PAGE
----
Although a smaller potato producer, the province was also pummelled by Hurricane Dorian. Heavy rains created erosion and washouts in fields. High winds were the more significant issue for other crop growers driving apples and other fruit to the ground. Buildings and other infrastructure were badly damaged in addition to the loss of electricity for several days.
Yields look good, but variable, based on the usual growing season differences within the province from north to south. Digs on Goldrush are approaching the 260cwt. mark as they begin to wind down. Growers were reminded of things to come on September 10 as Environment Canada reported temperatures at the Edmundston, N.B. weather station dipping to -1.3 degrees Celsius.
Early fresh harvest, particularly in the southern part of the province continues. Fall contracts for early processing are being delivered to local processing plants and also to fry plants outside the province.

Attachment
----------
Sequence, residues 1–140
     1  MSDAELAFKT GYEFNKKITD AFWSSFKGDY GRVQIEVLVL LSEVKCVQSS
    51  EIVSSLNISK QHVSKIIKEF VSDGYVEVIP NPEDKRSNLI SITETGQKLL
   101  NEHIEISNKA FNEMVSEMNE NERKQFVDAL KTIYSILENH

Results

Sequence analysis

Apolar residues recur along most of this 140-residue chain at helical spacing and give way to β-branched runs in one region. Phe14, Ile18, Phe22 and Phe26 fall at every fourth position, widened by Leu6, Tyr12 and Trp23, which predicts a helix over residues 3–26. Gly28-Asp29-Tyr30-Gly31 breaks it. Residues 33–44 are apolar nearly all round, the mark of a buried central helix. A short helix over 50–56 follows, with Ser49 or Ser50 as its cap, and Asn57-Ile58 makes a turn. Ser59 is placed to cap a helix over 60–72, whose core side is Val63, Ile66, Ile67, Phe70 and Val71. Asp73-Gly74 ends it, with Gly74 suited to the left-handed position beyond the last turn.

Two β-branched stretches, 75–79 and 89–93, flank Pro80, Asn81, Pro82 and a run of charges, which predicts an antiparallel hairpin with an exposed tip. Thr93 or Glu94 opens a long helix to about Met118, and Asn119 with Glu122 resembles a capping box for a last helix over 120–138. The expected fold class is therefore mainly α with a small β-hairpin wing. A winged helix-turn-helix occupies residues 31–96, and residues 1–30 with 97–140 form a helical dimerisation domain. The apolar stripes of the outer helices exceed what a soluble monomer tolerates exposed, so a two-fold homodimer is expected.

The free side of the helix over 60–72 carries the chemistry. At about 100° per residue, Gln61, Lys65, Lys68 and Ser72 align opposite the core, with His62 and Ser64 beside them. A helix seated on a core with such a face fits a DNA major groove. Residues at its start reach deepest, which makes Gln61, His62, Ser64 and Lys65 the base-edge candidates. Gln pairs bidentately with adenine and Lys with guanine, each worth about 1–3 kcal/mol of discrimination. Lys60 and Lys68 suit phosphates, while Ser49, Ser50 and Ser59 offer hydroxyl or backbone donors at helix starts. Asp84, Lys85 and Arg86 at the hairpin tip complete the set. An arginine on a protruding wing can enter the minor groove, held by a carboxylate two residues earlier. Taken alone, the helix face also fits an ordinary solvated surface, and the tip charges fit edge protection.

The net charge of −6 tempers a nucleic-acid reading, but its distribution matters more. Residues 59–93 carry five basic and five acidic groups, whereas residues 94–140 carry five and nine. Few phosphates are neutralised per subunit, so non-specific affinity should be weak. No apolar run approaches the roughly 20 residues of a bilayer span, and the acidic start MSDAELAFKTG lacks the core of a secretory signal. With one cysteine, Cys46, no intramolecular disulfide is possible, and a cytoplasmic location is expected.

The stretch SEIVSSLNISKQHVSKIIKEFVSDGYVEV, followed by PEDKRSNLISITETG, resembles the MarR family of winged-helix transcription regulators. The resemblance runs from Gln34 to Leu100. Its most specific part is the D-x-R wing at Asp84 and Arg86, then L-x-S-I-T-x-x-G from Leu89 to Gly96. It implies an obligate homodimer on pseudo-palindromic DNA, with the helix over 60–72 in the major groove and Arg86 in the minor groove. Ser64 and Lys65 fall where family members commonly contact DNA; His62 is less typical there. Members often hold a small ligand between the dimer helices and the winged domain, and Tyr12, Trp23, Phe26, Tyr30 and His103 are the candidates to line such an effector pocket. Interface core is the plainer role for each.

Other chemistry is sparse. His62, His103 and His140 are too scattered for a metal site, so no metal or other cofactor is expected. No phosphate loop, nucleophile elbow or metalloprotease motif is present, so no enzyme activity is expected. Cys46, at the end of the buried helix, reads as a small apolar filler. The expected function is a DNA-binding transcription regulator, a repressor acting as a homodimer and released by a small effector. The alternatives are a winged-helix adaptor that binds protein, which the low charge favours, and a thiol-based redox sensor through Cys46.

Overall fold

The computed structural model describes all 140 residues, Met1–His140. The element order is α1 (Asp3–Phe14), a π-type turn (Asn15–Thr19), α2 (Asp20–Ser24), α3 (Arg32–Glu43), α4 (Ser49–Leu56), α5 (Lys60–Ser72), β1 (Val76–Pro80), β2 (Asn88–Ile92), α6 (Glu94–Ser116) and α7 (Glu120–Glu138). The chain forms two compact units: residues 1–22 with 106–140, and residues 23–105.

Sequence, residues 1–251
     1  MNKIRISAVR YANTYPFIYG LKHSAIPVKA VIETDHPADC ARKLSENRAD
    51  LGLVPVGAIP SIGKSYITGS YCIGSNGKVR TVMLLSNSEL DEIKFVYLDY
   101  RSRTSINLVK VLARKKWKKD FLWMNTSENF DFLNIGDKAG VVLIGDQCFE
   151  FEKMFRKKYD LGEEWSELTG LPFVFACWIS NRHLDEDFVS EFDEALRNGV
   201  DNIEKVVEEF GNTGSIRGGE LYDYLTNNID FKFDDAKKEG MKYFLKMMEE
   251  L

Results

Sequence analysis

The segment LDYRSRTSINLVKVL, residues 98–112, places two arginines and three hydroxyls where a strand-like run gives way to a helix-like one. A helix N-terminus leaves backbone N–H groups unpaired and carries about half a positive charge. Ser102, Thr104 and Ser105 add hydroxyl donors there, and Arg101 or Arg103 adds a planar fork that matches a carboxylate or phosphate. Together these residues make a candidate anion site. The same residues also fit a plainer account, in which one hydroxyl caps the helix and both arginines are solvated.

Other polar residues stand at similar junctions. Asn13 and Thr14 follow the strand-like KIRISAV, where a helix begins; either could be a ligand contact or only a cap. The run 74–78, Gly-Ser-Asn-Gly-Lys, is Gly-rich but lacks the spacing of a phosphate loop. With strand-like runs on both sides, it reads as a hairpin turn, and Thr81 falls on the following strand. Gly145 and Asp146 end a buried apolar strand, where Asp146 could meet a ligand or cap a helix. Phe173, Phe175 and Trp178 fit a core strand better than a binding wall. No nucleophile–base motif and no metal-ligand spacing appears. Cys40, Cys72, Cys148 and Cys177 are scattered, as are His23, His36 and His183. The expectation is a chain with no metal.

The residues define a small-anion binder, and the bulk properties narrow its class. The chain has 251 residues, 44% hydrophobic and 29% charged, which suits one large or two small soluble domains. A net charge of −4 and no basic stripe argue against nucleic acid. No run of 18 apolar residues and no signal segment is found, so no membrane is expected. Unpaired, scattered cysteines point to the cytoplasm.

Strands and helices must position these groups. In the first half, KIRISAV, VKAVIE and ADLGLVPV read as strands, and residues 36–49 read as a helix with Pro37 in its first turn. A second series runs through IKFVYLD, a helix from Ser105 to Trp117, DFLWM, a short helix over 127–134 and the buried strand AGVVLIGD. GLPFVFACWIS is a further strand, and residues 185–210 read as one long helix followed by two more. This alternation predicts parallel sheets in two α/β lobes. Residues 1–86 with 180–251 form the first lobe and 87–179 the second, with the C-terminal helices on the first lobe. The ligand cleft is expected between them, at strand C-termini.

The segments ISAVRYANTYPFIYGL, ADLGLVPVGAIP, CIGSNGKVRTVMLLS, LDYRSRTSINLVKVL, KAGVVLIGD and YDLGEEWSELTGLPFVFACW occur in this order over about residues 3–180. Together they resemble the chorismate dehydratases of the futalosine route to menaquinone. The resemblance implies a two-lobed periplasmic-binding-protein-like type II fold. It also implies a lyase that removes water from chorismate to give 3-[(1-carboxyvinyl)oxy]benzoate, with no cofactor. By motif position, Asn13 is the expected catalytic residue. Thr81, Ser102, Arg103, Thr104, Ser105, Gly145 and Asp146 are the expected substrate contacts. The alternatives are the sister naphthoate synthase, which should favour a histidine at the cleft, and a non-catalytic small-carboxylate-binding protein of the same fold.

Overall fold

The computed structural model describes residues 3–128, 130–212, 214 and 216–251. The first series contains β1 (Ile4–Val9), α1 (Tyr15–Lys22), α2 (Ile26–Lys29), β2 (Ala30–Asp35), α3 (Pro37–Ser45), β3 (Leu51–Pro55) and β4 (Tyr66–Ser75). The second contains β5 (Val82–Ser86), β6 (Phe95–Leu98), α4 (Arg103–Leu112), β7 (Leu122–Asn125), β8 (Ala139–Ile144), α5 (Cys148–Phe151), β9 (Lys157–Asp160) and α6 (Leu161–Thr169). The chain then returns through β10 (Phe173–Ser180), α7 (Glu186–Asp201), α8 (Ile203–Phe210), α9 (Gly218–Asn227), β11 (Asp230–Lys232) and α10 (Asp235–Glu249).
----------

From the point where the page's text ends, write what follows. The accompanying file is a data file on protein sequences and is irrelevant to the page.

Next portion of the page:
After experiencing a hot, dry summer, the province has received timely rains in the southern part with good size and yields expected in the Joliette area. In the north, temperatures have cooled off in the Lac-St. Jean area allowing good bulking conditions. At this time the overall crop in Quebec is looking really good with some digs currently reaching 400 hundred weight. The Joliette area has yield potential over 400 cwt on coloured varieties – just depends on the date of first killing frost. Size profile is also large this year with some lots in the south approaching 60 per cent jumbos. Main harvest should begin on Sept. 20.
The Quebec Board recommended price is at $3.50/10lb. which is very similar to last year. Retail chain stores have been able to absorb the cost on front page ads for fresh potato promotions, unlike some other years where it was on the backs of the growers. Producers selling to the lower priced wholesale market are not a factor this year as evidenced by strong prices. Growers without storage who are currently in the market, do not anticipate any problem cleaning, up given good domestic demand and average export markets.